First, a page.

In Kenney, the Supreme Court discussed the sufficiency of proof of actual reputational harm. Specifically, the Court examined cases, from Missouri and other jurisdictions, in which the proof of actual harm to reputation was insufficient. Id. at 814-17. In one of the Missouri cases cited, Bauer v. Ribaudo, 975 S.W.2d 180, 181-82 (Mo. App. 1997), the court held that the plaintiff, a candidate for state representative who alleged his opponent had defamed him in a television commercial, had not presented sufficient evidence of reputational harm because he failed to name one person who changed his vote or did not vote for him as a result of the commercial, and he failed to present any evidence of his standing in the polls before and after the commercial aired. Likewise, in Taylor v. Chapman, 927 S.W.2d 542, 544-45 (Mo. App. 1996), another Missouri case cited in Kenney, the plaintiff's testimony that "her integrity had been tarnished" and that "[p]eople lose their trust in the person that is supposed to be managing their building," without any supporting evidence or testimony, was insufficient to establish reputational harm.
Like the plaintiffs in Bauer and Taylor, the plaintiff in Rocci v. MacDonald-Cartier, 323 N.J. Super. 18, 731 A.2d 1205 (1999), a New Jersey case cited by the Court in Kenney, also failed to prove actual injury to reputation because "no 'single person came forward to state that plaintiff's reputation had been besmirched' by the allegedly defamatory letter." Kenney, 100 S.W.3d at 816 (quoting Rocci, 323 N.J. Super. at 25, 731 A.2d at 1209 ). The Court in Kenney cited a passage from Rocci that discussed proof of actual injury to reputation:
"Injury to reputation, even more so than personal injury or mental anguish, which are both amenable to expert testimony, defies exact measurement. . . . Accordingly, a plaintiff should offer some concrete proof that his reputation has been injured. One form of proof is that an existing relationship has been seriously disrupted, reflecting the idea that a reputation may be valued in terms of relationships with others. Testimony of third parties as to a diminished reputation will also suffice to prove 'actual injury.' Awards based on a plaintiff's testimony alone or on 'inferred' damages are unacceptable."
Id. (quoting Rocci, 323 N.J. Super. at 23-24, 731 A.2d at 1208) (citation omitted)).
Comparing the evidence of injury to reputation presented in these cases and others to the evidence presented in its case, the Court in Kenney noted that the plaintiff "made only a conclusory statement that her reputation was injured and that she felt 'embarrassed, shocked, mad'" because of the allegedly defamatory statement. Id. at 817. The plaintiff "did not name a single person who held her in lower regard...[n]or did she present anyone who respected her less or thought of her reputation as being lowered" by the allegedly defamatory statement. Id.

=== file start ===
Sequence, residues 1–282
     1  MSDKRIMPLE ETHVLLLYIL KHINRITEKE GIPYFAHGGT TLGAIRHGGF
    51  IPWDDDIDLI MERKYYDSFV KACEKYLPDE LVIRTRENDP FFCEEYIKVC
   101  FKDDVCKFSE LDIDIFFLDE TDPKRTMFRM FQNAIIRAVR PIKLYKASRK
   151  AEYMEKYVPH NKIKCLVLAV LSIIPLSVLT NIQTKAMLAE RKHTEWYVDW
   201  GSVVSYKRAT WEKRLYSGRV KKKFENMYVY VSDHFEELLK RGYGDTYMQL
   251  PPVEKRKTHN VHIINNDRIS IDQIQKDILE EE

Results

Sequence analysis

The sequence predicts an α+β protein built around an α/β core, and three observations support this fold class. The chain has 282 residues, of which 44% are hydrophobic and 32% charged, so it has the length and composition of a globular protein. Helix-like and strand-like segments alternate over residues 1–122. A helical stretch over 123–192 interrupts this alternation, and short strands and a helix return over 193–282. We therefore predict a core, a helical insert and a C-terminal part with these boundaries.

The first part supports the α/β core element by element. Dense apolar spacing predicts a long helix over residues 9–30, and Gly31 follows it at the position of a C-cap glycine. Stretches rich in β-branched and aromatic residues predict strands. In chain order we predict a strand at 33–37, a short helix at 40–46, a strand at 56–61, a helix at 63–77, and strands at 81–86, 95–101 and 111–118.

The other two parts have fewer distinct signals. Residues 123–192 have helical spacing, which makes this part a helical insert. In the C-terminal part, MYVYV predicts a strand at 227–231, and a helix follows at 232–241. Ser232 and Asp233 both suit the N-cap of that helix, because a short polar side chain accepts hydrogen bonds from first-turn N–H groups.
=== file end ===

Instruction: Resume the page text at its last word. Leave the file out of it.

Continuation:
In this case, Mr. Scott alleged that he suffered harm to his reputation from statements Mr. LeClercq made in an Internet chat room conversation3 with a girl who was a seventh or eighth grade student in the same school district where Mr. Scott was the high school principal. During the conversation, Mr. LeClercq posed as a private detective and asked the girl whether she had any brothers or sisters that went to the high school where Mr. Scott was the principal. When the girl replied that her sister went to the high school, Mr. LeClercq stated that Mr. Scott was "being investigated for harassment and sexual stuff." Mr. LeClercq also asked the girl to ask her sister whether Mr. Scott "ever made any advances to her," and then said that Mr. Scott was "a weird dude, according to reports." Mr. LeClercq elaborated on that, stating that Mr. Scott was "dovorcing [sic] his wife, and is pretty unstable...harassing everyone she knows, accusing them of sleeping with her." He then told the girl to "just be careful...STeve [sic] Scott...remember his name, ok?"
The girl printed the chat room conversation and showed it to her mother. The girl's mother discussed it with her husband and then went to Mr. Scott's office the next day to ask Mr. Scott about it.4 The girl's mother was "very concerned" and was unsure if there was any truth to the statements Mr. LeClercq made in the chat room conversation. Mr. Scott was "extremely embarrassed" and "upset" when he saw the chat room conversation.
After speaking with the girl's mother, Mr. Scott took the printout of the chat room conversation and reported it to Dr. Paul James, who was the superintendent of the school district.